We found that even when women own land, their husbands are still perceived as household heads.
It’s not everyday we hear of a success story of a child soldier who ends up being an accomplished international entrepreneur with a thriving enterprise. Kerbino Wol’s story is an inspiration. Wol is a South Sudanese philanthropist and entrepreneur committed to building a peaceful society in his home country.
Marylove Edwards is Nigeria’s young tennis champion focused on emulating the great Serena Williams. Although many have started referring to her as the “Nigerian Serena”, the 13 year-old who is currently at the prestigious IMG Academy, in the U.S. says “I love Serena, I love her style, I love the way she plays. But I’d love to be myself, just Marylove Edwards.”
Maintaining its status as a technological hub, Kenya now houses the fourth outsourced Microsoft testing centre, joining others based in India, China and Poland.
The Nigerian Police Force is rarely in the news for good public service. Julius Adewale Adedeji, the Superintendent of Police, State Intelligence Bureau received the Human Rights Personality Award from the U.S. Embassy. Adedeji is said to have never taken a bribe, and he is being celebrated as Nigeria’s “most dedicated police officer”.
President Sirleaf was awarded the Mo Ibrahim Prize for Achievement in African Leadership for her post-conflict consolidation of Liberia’s democracy. In her speech in Kigali, Rwanda she spoke on how patronage and patriarchy prevented women and youths from participating in politics.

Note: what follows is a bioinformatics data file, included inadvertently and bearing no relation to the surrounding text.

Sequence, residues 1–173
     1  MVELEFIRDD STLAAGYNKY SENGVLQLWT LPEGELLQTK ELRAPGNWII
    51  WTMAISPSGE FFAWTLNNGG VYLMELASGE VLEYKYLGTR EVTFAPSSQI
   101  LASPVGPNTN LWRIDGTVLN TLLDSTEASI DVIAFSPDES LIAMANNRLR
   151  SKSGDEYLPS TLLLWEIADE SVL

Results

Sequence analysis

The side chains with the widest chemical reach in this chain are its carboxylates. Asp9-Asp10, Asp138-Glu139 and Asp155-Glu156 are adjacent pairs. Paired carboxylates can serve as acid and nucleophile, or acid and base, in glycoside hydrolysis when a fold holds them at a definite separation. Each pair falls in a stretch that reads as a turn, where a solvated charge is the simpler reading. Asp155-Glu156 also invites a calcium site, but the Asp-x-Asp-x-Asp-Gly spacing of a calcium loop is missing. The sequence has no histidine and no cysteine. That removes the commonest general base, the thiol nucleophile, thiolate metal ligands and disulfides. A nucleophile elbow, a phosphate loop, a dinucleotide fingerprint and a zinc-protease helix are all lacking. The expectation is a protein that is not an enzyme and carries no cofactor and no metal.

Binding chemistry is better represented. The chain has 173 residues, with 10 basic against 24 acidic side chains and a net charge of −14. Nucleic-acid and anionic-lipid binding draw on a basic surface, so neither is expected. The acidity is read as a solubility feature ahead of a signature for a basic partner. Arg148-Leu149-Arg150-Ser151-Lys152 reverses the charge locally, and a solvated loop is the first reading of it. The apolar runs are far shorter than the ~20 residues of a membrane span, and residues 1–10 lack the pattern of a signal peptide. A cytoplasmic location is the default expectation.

There is an ongoing culture of killing twins and other infants in Nigeria’s Federal Capital Territory (FCT) area councils. Christian missionary Steven Olusola Ajayi and his wife Chinwe opened the Vine Heritage Home to shelter children deemed “evil” by their communities.
Vusi Mahlasela, popularly called “The Voice of South Africa,” who was set to be conferred with a honorary doctorate by the University of Kwa-Zulu Natal for his contribution to society through his music could not receive his award this week due to illness. The university said it hopes the musician will be well enough to receive the degree at its spring graduation ceremony in September, 2018.
At the age of 82, internationally acclaimed Ndebele artist Esther Nikwambi Mahlangu will receive an honorary doctorate from the University of Johannesburg for “her legacy as a cultural entrepreneur, skillfully negotiating local and global worlds, and as an educator,” said the executive dean of the UJ Faculty of Art, Design and Architecture, Prof Federico Freschi